Wil Ledezma is frustrating to watch. He pumps mid-90s fastballs but appears to have very little aptitude for pitching…
Triple-A — Salt Lake 5, Portland 4
Matt Antonelli: 0-for-3, BB (.182/.325/.302, 32 BB, 29 SO)
Peter Ciofrone (RF): 3-for-4, HR (.298/.397/.554, 16 BB, 17 SO)
Chase Headley: 1-for-4, 3B (.291/.351/.508, 17 BB, 50 SO)
Brian Myrow: 0-for-3, SF, E (.340/.465/.535, 37 BB, 37 SO)
Chip Ambres (CF): 0-for-4 (.281/.370/.525, 22 BB, 40 SO, 5 SB)
Nick Hundley: 0-for-3 (.215/.278/.413, 11 BB, 23 SO)
Craig Stansberry (3B): 0-for-3 (.235/.333/.359, 23 BB, 32 SO)
Clay Hensley: 2 IP, 2 H, 3 R, 2 HR, 0 BB, 1 SO, WP (2.70 ERA, 6.30 K/9, .162 BAA)
Dirk Hayhurst: 4 IP, 3 H, 2 R, 2 HR, 2 BB, 7 SO (4.41 ERA, 11.68 K/9, .218 BAA)
Paul Abraham: 2 IP, 2 H, 0 R, 0 HR, 0 BB, 0 SO (5 GO) (4.68 ERA, 7.20 K/9, .299 BAA)
I haven’t been including Ciofrone in these reports, but his performance since moving up to Portland (.352/.453/.778, 6 HR in 16 G) is impossible to ignore. He’s 24 years old, so don’t get too excited. I compared him to ex-Padre Rob Mackowiak in the Ducksnorts 2008 Baseball Annual… The homers Hensley gave up were to Kendry Morales and Dee Brown, both of whom have seen a fair amount of big-league action over the years… The Beavers lead the PCL with 4.68 walks drawn per game.
More coverage at the Portland Beavers official web site.
Double-A — San Antonio 5, Arkansas 2
Drew Macias: 1-for-4, 3B (.234/.330/.394, 24 BB, 35 SO)
Chad Huffman (DH): 1-for-4, 2B (.324/.414/.486, 27 BB, 31 SO)
Kyle Blanks: 1-for-2, 2 BB (.295/.397/.410, 26 BB, 18 SO)
Seth Johnston: 0-for-4 (.263/.338/.467, 21 BB, 32 SO)
Craig Cooper: 1-for-4 (.293/.354/.414, 13 BB, 36 SO)
Jose Lobaton: 1-for-4 (.246/.308/.307, 12 BB, 27 SO)
Matt Buschmann: 6 IP, 6 H, 2 R, 0 HR, 1 BB, 5 SO, BK (3.51 ERA, 9.64 K/9, .259 BAA)
Love the improved plate discipline from Blanks… The Missions are drawing 4.42 walks per game, second in the Texas League behind Midland.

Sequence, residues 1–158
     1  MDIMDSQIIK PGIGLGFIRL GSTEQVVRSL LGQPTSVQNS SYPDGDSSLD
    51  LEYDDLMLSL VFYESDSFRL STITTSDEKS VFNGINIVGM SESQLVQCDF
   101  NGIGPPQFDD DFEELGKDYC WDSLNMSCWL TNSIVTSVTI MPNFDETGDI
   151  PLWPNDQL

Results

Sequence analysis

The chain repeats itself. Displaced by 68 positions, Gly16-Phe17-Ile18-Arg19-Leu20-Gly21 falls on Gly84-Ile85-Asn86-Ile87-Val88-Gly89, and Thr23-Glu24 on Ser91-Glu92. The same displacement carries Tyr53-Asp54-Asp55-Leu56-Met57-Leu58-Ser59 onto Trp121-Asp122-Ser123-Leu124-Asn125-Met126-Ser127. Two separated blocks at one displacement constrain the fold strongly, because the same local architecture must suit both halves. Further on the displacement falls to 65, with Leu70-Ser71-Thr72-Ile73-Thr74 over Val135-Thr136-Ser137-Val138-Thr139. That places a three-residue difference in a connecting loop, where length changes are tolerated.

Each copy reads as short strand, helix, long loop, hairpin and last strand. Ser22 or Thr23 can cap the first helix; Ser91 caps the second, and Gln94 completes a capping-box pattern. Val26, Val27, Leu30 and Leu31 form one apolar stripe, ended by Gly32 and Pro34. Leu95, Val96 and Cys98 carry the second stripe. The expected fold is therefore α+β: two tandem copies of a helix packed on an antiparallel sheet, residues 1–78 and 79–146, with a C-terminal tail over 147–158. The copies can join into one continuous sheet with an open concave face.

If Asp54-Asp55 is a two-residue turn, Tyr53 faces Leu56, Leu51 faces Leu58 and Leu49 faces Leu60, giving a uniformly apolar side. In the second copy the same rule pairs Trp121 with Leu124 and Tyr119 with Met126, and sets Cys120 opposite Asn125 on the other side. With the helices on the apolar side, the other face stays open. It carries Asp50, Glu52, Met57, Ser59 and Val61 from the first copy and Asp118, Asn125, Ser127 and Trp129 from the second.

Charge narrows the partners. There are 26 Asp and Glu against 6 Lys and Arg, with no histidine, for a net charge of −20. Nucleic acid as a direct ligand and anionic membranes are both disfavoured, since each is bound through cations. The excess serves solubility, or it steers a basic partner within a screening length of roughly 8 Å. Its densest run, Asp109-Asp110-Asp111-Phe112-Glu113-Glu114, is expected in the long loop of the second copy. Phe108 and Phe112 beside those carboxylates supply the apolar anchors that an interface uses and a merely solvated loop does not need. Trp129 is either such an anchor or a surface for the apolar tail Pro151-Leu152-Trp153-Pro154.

High-A — Lake Elsinore 5, Rancho Cucamonga 3 (1st game); Rancho Cucamonga 5, Lake Elsinore 1 (2nd game)
Javis Diaz: 3-for-6, BB, 2 SB (.283/.335/.390, 13 BB, 44 SO, 16 SB)
Eric Sogard (DH, 2B): 1-for-6, BB (.326/.445/.427, 39 BB, 18 SO)
Cedric Hunter: 1-for-5, SF (.318/.388/.411, 22 BB, 21 SO)
Mitch Canham: 1-for-2, BB (.293/.435/.406, 34 BB, 25 SO)
Kellen Kulbacki: 0-for-2, BB (.170/.294/.259, 21 BB, 30 SO)
Rayner Contreras: 2-for-6, 2B (.281/.395/.333, 15 BB, 21 SO)
Cory Luebke: 5 IP, 4 H, 3 R, 1 HR, 1 BB, 7 SO (6.27 ERA, 7.80 K/9, .318 BAA)
Drew Miller: 5.2 IP, 9 H, 5 R, 1 HR, 1 BB, 4 SO (8 GO) (4.59 ERA, 7.59 K/9, .299 BAA)
Storm batters are drawing an even 5 walks per game, which is tops in the Cal League by a wide margin. (Stockton, the second place team, checks in at 4.04.)
Low-A — Fort Wayne 3, Great Lakes 2
Luis Durango: 1-for-4 (.278/.377/.331, 21 BB, 23 SO, 8 SB)
Andrew Cumberland (SS): 2-for-4 (.232/.290/.290, 12 BB, 19 SO, 11 SB)
Justin Baum: 0-for-4, E (.262/.360/.421, 21 BB, 32 SO)
Yefri Carvajal: 0-for-4 (.257/.293/.345, 10 BB, 42 SO, 4 SB)
Shane Buschini: 1-for-3, 3B (.300/.367/.514, 7 BB, 22 SO)
Wynn Pelzer: 4.1 IP, 7 H, 2 R, 0 HR, 2 BB, 3 SO (3.54 ERA, 7.52 K/9, .234 BAA)
With his complete lack of power, Durango needs to hit for a freakish batting average to have value. He managed to do that in the Northwest League last year, but the early returns in his first exposure to full-season ball are less encouraging. On the bright side, he’s getting on base at a nice clip… The Wizards are leading the Midwest League with 4.24 walks drawn per game.
In other news, left-hander Matt Teague has replaced right-hander Mat Latos in the rotation. Latos is on the disabled list with a “left intercostal strain”; there is no timetable for his return.
I think some of the frustration with the season is saying “we need to re-build the farm system, so you’ll need to be patient for a few years.” Isn’t that what we should have been doing from 1999 onwards?
Yes SA, only got here a few years ago and they’ve improved the farm system dramatically, but Towers and Moores should have been doing it earlier.